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After missile scare, Poland accepts German offer for Patriot defenses

German Air Force’s Patriot air defense missile system are deployed to Slovakia. (Bundeswehr / Tom Twardy)

WARSAW — Poland today accepted an offer from Germany to deploy additional Patriot air defense systems there, following the deaths of two Polish civilians who were likely struck by an errant missile during a Russian barrage of Ukrainian cities.

“With satisfaction, I accepted the proposal of the German Minister of Defense to deploy additional Patriot missile launchers in our country,” Mariusz Błaszczak, Poland’s Deputy Prime Minister and Minister of National Defense, wrote early this morning on social media. “During today’s telephone talks with the German side, I will suggest that the system should be located at the border with Ukraine.”

Germany, Warsaw’s neighbor to the west and NATO ally, also offered Eurofighter jets to “help with defense of its airspace,” German defense minister Christine Lambrecht told the Rheinische Post newspaper on Sunday. A spokesperson for the German defense ministry said the details of the arrangement are yet to be worked out, including what role the Eurofighters might play.

Last week’s explosion in Przewodów near the Ukrainian border, initially suspected to have been a Russian missile strike, prompted fears it would draw NATO into the Russia’s war with Ukraine. The next day, however, top Polish and NATO officials, said they believed an errant Ukrainian air defense missile might’ve been responsible. A top Ukrainian official said over the weekend it was “important” to await the results of an investigation.

RELATED: ‘Important’ to wait for results of investigation of Poland missile explosion investigation, advisor says

Either way, while noting that it is “our utmost responsibility that NATO does not become part of the war,” Lambrecht said the event showed that NATO needed to improve its air defenses.

“This is especially true with regard to NATO partners such as Poland, Slovakia and the Baltic states, which directly border Russia and Ukraine,” Lambrecht told the newspaper. “We are already in Slovakia and we want to extend our presence at least until the end of 2023, possibly even beyond.”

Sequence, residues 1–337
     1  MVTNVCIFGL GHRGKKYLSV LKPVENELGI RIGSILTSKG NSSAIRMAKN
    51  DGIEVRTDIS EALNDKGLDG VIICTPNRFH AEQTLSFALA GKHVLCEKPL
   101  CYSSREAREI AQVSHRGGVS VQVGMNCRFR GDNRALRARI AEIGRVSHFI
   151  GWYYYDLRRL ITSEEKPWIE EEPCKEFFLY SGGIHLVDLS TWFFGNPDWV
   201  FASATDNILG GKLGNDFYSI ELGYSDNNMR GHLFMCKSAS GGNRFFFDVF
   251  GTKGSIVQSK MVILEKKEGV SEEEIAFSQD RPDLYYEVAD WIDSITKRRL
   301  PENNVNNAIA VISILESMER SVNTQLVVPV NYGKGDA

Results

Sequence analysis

Christian Thiels, a spokesman for the German Ministry of National Defense, was quoted in Polish media as saying that assistance for Poland could be provided at any time. While it’s unclear how Germany would rotate the defenses to Poland, the German Air Force’s Flugabwehrraketengeschwader 1 (Air Defence Missile Wing 1) “Schleswig-Holstein” is equipped with the 12 Patriot air defense missile system, two of which are deployed to Slovakia. In addition, two US Patriot batteries, from the Rhine Ordnance Barracks in Germany, are already stationed in Poland.

As for fighters, German authorities told Poland they could strengthen the air policing mission with the Luftwaffe’s (German Air Force) Eurofighters. “These jets have speed, firepower and agility, which allows them to react quickly to threats. They can be scrambled at any time, and patrolling Alliance airspace, operating from the German Air Force bases,” Thiels said.

But he added “that no decision was made regarding the number of Eurofighters that would patrol the Polish airspace.” The number, he said, “will be fully sufficient to effectively strengthen the control [of the airspace].” The German jets would return to Germany after each mission.

Since August, the Italian Eurofighter detachment Air Task Force “White Eagle,” deployed to Malbork in northern Poland under NATO’s enhanced air policing mission, has augmented the Polish Air Force F-16 and MiG-29 fighters and US Air Force F-22 Raptors, based at Łask air base in central Poland, as well as other NATO fighters deployed to Lithuania and Estonia.

Germany’s assistance with the Patriots may be temporary, as by the end of 2022, the Polish army is set to be equipped with two of its own Wisła (Patriot) batteries (16 launchers). Completion of the System Integration Checkout process, which is planned for the second quarter of 2023, will be a milestone to achieving Initial Operational Readiness for the Wisła system units.

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